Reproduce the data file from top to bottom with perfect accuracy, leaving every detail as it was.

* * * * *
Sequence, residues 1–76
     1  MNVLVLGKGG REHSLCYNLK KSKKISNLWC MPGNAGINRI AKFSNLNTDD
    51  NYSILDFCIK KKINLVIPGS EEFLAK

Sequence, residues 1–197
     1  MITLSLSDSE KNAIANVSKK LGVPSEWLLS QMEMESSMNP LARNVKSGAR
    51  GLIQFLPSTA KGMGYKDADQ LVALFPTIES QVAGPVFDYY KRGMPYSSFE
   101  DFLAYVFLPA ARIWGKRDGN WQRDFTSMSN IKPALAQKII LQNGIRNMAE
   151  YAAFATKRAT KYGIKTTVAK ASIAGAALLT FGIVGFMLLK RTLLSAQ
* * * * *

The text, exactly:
Sequence, residues 1–76
     1  MNVLVLGKGG REHSLCYNLK KSKKISNLWC MPGNAGINRI AKFSNLNTDD
    51  NYSILDFCIK KKINLVIPGS EEFLAK

Sequence, residues 1–197
     1  MITLSLSDSE KNAIANVSKK LGVPSEWLLS QMEMESSMNP LARNVKSGAR
    51  GLIQFLPSTA KGMGYKDADQ LVALFPTIES QVAGPVFDYY KRGMPYSSFE
   101  DFLAYVFLPA ARIWGKRDGN WQRDFTSMSN IKPALAQKII LQNGIRNMAE
   151  YAAFATKRAT KYGIKTTVAK ASIAGAALLT FGIVGFMLLK RTLLSAQ